Friday, January 27, 2012


Did Adam Laugh Before the Fall?

Joseph Addison, The Spectator, no. 249 (Saturday, December 15, 1711):
I have read a Sermon of a Conventual in the Church of Rome, on those Words of the Wise Man, I said of Laughter, it is mad; and of Mirth, what does it? Upon which he laid it down as a Point of Doctrine, that Laughter was the Effect of Original Sin, and that Adam could not laugh before the Fall.
The "Words of the Wise Man" come from Ecclesiastes 2.2.

Manfred Pfister, A History of English Laughter: Laughter from Beowulf to Beckett and Beyond (Amsterdam: Rodopi, 2002), p. 52 (discussing Milton):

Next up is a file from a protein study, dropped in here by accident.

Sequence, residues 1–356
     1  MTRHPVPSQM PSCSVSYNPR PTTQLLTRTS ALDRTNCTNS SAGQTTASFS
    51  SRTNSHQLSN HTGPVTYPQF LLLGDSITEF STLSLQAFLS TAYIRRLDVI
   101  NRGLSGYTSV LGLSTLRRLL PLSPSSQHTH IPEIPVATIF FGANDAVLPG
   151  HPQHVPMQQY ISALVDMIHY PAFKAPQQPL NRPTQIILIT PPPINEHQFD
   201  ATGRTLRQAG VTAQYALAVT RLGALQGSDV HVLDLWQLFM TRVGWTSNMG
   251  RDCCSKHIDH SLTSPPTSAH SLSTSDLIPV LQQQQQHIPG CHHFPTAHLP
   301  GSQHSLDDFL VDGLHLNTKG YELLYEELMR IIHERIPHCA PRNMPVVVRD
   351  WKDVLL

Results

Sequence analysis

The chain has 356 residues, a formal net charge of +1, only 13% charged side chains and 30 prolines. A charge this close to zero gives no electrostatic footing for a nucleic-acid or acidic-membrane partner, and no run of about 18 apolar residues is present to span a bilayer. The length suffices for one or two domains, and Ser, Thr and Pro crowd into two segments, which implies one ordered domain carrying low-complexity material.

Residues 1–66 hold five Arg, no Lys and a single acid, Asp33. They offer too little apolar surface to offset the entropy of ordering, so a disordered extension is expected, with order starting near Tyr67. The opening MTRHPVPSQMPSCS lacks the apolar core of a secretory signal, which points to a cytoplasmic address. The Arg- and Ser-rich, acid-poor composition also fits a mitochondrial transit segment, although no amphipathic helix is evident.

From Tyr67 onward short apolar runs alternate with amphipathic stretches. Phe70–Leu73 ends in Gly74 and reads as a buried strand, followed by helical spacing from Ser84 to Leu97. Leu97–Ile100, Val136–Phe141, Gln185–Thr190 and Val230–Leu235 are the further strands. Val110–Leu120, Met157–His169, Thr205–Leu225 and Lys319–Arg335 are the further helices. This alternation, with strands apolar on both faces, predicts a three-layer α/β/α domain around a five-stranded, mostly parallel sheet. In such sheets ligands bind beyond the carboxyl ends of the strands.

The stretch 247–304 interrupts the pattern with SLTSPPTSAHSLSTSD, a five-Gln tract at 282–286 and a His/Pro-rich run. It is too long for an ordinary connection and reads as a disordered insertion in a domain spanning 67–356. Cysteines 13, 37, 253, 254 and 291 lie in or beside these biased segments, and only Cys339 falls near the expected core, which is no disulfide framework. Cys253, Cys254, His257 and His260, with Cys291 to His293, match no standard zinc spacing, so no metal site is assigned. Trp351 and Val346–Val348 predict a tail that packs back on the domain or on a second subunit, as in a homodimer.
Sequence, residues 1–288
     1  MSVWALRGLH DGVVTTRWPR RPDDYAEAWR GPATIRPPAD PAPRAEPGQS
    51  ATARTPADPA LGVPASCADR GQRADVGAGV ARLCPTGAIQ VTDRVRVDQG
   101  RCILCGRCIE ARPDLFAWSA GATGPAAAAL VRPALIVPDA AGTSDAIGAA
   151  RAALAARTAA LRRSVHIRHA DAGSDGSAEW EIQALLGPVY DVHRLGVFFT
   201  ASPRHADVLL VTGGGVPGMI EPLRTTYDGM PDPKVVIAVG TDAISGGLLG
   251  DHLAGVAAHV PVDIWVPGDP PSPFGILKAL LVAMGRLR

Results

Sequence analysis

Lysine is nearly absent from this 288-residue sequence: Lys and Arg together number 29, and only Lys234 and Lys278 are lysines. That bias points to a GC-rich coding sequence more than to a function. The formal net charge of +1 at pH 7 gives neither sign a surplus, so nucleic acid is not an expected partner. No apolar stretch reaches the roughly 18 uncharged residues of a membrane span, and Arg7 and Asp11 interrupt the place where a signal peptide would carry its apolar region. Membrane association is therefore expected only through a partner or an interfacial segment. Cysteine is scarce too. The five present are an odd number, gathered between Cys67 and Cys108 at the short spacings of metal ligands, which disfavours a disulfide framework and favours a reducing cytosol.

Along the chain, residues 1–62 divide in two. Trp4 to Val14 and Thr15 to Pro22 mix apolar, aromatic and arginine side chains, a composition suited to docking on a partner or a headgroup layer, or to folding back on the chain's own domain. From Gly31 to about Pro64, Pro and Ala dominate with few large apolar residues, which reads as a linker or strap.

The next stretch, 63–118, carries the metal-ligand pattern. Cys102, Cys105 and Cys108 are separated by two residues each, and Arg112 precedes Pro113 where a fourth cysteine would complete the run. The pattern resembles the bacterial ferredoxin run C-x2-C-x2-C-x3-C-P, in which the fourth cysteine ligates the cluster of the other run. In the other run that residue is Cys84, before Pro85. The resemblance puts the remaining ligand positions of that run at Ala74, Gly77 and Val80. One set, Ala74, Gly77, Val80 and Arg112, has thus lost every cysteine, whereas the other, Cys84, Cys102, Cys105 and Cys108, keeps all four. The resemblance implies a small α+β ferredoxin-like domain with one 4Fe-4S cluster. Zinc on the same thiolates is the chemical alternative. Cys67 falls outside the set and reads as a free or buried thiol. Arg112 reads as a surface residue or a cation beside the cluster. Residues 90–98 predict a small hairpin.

Having tried to account for God's and the fallen angels' laughter in Paradise Lost, we have to take a closer look at yet another set of protagonists. Do Adam and Eve laugh? They don't, since they live peacefully, fear no enemies and are in a state of utter contentment. There is no place and necessity for laughter in paradise. Prelapsarian mirth finds other ways of expression.
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